Antibiotics are chemical substances that can inhibit the growth of, and even destroy, harmful microorganisms. They are derived from special microorganisms or other living systems, and are produced on an industrial scale using a fermentation process. Although the principles of antibiotic action were not discovered until the twentieth century, the first known use of antibiotics was by the Chinese over 2,500 years ago. Today, over 10,000 antibiotic substances have been reported. Currently, antibiotics represent a multibillion dollar industry that continues to grow each year.
Antibiotics are used in many forms—each of which imposes somewhat different manufacturing requirements. For bacterial infections on the skin surface, eye, or ear, an antibiotic may be applied as an ointment or cream. If the infection is internal, the antibiotic can be swallowed or injected directly into the body. In these cases, the antibiotic is delivered throughout the body by absorption into the bloodstream.
Antibiotics differ chemically so it is under-standable that they also differ in the types of infections they cure and the ways in which they cure them. Certain antibiotics destroy bacteria by affecting the structure of their cells. This can occur in one of two ways. First, the antibiotic can weaken the cell walls of the infectious bacteria, which causes them to burst. Second, antibiotics can cause the contents of the bacterial cells to leak out by damaging the cell membranes. Another way in which antibiotics function is by interfering with the bacteria's metabolism. Some antibiotics such as tetracycline and erythromycin interfere with protein synthesis. Antibiotics like rifampin inhibit nucleic acid biosynthesis. Still other antibiotics, such as sulfonamide or trimethoprim have a general blocking effect on cell metabolism.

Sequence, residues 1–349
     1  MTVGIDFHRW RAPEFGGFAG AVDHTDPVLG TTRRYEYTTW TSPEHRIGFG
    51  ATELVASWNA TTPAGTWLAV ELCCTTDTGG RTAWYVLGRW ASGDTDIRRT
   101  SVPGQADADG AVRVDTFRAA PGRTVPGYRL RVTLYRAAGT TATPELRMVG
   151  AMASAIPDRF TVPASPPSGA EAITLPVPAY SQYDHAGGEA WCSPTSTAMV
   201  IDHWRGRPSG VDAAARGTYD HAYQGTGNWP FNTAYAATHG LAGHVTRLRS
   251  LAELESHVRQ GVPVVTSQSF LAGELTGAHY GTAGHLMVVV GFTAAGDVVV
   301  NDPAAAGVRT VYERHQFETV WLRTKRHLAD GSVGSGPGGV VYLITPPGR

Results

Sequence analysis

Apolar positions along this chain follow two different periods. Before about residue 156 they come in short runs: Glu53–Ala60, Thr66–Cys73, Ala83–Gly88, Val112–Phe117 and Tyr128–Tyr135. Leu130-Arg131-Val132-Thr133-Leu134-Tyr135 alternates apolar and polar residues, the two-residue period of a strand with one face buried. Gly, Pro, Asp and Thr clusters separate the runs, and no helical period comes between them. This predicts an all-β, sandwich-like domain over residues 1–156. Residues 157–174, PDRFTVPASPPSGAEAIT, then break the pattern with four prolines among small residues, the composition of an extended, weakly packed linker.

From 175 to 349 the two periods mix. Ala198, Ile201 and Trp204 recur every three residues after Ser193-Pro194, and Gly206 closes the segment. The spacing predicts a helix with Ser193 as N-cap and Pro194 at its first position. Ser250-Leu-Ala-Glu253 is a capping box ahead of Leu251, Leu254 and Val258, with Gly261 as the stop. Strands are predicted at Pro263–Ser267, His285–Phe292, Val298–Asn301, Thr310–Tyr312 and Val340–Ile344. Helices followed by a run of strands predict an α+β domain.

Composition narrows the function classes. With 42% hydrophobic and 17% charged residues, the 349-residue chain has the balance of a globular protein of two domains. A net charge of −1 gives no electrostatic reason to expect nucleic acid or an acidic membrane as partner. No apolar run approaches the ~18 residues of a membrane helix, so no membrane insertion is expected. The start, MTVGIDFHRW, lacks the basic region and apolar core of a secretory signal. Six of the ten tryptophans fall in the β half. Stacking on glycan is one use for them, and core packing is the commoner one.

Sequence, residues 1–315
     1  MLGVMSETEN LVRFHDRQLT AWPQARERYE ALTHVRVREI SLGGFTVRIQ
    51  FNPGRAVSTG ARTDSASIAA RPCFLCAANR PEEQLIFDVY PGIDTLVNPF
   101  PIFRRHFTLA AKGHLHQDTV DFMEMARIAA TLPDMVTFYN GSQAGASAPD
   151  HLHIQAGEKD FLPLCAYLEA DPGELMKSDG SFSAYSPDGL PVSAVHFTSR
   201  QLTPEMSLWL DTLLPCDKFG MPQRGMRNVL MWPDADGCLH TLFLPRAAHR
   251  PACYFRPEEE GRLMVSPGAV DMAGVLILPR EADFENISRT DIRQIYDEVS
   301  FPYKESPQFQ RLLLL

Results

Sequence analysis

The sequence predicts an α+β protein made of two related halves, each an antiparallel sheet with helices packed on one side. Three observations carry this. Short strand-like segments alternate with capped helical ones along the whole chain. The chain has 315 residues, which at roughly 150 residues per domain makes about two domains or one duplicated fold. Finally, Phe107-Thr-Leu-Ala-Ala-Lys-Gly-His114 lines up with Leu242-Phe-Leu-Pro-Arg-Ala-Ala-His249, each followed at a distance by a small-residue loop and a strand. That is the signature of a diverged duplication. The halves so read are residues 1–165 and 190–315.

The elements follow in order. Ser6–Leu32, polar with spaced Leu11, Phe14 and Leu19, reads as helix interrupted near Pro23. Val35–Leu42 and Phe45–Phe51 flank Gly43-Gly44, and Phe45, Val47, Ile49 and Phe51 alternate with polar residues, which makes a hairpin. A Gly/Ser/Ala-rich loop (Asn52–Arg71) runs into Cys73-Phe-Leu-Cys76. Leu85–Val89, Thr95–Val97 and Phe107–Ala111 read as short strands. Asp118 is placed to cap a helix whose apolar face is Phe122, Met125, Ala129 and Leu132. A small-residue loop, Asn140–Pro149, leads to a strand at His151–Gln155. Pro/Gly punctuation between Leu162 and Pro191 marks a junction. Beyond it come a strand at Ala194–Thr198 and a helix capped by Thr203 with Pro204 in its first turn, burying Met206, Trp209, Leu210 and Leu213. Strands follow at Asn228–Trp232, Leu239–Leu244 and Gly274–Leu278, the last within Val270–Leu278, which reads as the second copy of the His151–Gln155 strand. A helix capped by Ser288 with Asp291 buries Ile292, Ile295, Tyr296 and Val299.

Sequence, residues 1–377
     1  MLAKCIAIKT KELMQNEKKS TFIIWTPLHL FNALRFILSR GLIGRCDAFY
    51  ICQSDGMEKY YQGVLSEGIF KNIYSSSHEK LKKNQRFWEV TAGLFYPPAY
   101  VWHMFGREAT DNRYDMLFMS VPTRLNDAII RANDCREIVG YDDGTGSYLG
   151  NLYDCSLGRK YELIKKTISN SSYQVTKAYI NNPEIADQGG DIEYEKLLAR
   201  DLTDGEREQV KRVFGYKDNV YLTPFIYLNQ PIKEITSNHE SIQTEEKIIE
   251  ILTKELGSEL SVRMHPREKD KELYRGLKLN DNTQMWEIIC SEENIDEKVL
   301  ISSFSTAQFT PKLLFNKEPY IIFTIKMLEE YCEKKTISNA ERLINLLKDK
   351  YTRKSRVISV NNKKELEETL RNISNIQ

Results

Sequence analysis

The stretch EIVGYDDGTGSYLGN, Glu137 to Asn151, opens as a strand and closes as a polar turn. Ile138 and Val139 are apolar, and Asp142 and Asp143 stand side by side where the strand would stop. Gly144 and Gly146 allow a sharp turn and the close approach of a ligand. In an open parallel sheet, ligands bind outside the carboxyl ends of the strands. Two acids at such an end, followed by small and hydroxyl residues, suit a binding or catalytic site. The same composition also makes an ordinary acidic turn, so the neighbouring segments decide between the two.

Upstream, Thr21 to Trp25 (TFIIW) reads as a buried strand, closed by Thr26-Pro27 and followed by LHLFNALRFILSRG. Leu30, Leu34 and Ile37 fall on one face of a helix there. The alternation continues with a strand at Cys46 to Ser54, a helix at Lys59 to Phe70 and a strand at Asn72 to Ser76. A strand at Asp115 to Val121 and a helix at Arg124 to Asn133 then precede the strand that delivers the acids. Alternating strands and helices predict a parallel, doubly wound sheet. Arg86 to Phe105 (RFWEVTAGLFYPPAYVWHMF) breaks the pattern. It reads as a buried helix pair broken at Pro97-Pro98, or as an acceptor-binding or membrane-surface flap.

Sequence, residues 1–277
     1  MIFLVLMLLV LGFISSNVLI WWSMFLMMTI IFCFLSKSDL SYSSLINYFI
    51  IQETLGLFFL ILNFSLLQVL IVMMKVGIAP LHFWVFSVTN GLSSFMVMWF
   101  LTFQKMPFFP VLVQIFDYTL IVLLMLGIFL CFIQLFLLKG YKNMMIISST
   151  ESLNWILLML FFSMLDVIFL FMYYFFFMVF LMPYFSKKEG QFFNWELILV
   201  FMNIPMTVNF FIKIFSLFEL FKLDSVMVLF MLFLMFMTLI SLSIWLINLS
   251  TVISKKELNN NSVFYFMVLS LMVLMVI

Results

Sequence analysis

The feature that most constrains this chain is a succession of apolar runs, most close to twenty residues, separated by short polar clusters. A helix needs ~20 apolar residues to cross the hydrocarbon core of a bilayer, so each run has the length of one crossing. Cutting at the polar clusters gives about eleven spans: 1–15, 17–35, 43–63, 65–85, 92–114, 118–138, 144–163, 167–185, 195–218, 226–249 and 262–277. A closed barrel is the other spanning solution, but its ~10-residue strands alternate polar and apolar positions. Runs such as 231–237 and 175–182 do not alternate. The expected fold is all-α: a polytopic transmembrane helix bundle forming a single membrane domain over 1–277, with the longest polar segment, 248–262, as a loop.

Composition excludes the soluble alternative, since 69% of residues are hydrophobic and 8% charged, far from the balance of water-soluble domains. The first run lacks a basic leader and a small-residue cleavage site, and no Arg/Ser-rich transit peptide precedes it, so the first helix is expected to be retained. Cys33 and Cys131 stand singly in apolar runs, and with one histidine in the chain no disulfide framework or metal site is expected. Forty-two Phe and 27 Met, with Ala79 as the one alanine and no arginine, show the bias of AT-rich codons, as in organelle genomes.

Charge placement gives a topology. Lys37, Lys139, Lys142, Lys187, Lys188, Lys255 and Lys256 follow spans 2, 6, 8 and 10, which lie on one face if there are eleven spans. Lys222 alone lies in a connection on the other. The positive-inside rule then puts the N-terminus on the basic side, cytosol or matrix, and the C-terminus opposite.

The commercial development of an antibiotic is a long and costly proposal. It begins with basic research designed to identify organisms, which produce antibiotic compounds. During this phase, thousands of species are screened for any sign of antibacterial action. When one is found, the species is tested against a variety of known infectious bacteria. If the results are promising, the organism is grown on a large scale so the compound responsible for the antibiotic effect can be isolated. This is a complex procedure because thousands of antibiotic materials have already been discovered. Often, scientists find that their new antibiotics are not unique. If the material passes this phase, further testing can be done. This typically involves clinical testing to prove that the antibiotic works in animals and humans and is not harmful. If these tests are passed, the Food and Drug Administration (FDA) must then approve the antibiotic as a new drug. This whole process can take many years.